So, the gist of it. I was born in Hong Kong but spent most of my life being educated in Singapore (my dad moved when I was barely a year old). As a result, I've largely spoken English with a fairly obviously Singaporean accent, but it's rather toned down because i) it's not what I speak at home and ii) the extent of influence from generically British or American forms of speech is greater the further up the education spectrum you go.
I've always been largely good with accents in general, but that was usually when I did impressions or was just mucking about with my friends. Two years ago I came over to London for university and, with a British passport in hand (thank you, Hong Kong), I figured that this was my chance to maybe really sort out what I wanted to do with the rest of my life. My primary aim became assimilation, and a few months in I realised that I really wanted to give serious theatre work a shot. Whatever I might end up doing, my mind was set on assimilation, and I set myself the task of paying very close attention to how my cousins, who were born and raised here in London, spoke, and to see if I could gradually ease myself in. I would watch shows and repeat lines to myself, listen out on the Underground or at uni to the way people spoke, and basically just bounce off other people.
Two years on, I've had some very interesting results and experiences. I suspect that I now speak with a broadly Southeast English accent -- 'suspect', because I'm trying not to be overly self-conscious about it -- but I realised that there were a number of words I never really learnt to properly pronounce ('vinyl' and 'cameo' are among them). A mate from church pointed it out to me a couple of weeks ago but he thought it was merely a regional difference (I don't think it is). Those realisations aside, though, I've found myself having some fairly mixed responses about it: during the early stages of learning, some people thought I was from the States — but most of them weren't actually English, and the usual assumption about an East Asian person speaking good English is that he/she is from America ... I don't even know. Over time, though, more people I met generally just didn't really think twice about the way I spoke, and/or they would just assume that I was from somewhere around the area. On the other hand, while I largely feel okay and quite confident about talking sometimes (and I don't really notice that I'm speaking any differently though I *am* speaking very differently from before I came here), there are days when I feel like my tongue is winding up and my lips are losing control and I can't seem to speak properly. No one else really notices but on those days I get a bit more self-conscious. Also, I recently started paying attention to English accents outside of Southeast England (it's hard not to), but the trade-off appears to be that because my mind seems to draw on what it knows, I get the suspicion that I very occasionally lapse for a handful of words into a pitching that might or might not be somewhat northern.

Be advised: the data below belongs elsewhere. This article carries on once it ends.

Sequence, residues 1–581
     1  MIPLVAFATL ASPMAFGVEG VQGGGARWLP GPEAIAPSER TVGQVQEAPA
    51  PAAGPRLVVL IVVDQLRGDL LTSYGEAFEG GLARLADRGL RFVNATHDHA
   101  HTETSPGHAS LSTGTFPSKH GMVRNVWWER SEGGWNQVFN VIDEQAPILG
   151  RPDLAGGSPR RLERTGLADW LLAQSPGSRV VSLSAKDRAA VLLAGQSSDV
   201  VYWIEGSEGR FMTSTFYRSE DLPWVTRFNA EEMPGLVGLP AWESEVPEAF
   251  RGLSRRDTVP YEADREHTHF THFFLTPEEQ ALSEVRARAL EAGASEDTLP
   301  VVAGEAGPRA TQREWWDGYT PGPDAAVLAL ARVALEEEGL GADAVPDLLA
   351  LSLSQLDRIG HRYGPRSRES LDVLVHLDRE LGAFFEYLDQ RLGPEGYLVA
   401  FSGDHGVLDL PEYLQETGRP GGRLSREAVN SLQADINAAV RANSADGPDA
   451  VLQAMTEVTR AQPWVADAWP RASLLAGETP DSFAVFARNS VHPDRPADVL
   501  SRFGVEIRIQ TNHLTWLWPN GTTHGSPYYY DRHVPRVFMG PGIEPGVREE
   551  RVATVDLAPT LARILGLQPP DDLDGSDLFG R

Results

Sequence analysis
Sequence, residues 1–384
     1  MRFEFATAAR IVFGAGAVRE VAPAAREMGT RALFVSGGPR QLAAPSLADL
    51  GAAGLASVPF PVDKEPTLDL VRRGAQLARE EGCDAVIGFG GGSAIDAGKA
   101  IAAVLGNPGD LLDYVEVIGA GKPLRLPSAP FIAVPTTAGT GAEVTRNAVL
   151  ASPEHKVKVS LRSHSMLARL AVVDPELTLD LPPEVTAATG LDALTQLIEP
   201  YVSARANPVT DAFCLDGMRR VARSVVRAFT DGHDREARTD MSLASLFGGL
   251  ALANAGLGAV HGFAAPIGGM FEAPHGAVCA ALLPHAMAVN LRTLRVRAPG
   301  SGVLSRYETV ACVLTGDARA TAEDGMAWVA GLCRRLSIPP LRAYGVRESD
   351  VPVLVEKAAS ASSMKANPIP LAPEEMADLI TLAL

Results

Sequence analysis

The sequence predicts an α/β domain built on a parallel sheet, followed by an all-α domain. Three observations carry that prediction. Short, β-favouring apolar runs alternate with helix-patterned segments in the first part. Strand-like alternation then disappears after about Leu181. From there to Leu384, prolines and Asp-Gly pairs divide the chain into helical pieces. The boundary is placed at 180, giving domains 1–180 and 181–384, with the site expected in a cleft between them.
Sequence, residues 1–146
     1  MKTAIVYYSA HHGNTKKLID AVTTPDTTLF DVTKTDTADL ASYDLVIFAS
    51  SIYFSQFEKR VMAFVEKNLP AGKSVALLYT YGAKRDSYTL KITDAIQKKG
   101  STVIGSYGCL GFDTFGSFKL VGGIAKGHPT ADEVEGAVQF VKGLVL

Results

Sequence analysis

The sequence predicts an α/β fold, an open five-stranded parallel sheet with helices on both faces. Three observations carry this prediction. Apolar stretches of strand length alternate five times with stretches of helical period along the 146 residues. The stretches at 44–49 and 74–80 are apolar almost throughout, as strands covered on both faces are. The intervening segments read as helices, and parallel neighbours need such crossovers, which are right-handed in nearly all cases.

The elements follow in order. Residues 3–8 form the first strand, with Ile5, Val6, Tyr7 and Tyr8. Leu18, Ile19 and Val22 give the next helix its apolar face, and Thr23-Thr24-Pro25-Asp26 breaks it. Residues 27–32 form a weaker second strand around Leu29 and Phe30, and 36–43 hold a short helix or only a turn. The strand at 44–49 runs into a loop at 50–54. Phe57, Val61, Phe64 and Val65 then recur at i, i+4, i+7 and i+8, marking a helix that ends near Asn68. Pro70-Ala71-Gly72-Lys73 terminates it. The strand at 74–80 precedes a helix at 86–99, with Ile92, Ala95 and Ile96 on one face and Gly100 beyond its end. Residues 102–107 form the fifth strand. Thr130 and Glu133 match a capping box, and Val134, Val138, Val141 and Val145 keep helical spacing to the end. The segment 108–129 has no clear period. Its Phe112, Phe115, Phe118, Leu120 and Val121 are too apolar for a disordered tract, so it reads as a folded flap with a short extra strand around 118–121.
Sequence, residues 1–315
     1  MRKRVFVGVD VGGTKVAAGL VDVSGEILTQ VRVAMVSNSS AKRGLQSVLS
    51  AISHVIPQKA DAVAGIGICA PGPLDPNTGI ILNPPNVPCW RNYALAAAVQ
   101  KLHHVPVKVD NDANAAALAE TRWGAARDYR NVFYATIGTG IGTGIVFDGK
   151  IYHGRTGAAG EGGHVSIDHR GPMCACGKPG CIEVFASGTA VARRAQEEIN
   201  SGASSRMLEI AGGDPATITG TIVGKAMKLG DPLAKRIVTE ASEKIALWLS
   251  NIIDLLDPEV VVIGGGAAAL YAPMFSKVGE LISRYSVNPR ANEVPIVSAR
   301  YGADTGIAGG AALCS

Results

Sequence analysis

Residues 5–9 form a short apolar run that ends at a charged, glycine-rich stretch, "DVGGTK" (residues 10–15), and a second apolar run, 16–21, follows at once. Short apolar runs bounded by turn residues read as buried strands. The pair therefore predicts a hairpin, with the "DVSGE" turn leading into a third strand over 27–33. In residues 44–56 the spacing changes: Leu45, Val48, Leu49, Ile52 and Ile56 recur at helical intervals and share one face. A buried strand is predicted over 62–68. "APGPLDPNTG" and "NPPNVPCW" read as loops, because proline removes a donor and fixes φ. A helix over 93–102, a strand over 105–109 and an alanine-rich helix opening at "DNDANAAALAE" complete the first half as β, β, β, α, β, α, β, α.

So, the point of this post: I thought I'd share my experience with trying to move from a non-standard English accent to a mainstream accent for assimilation and the sort of results I've been getting along the way. Has anyone experienced similar things to what I've mentioned, or have things been different, and what are some of the methods that you've found to be helpful to keeping things going and other tips or ideas in general? I'm interested primarily in English here, but if you have experiences in other languages with moving from a 'foreign' accent into a regional one, do share as well!
P.S. I know there are people in the world who consider such accent-learning behaviour 'pretentious' or 'inauthentic', but the whole point of this post isn't to judge such matters. Please don't turn this post into something negative like that.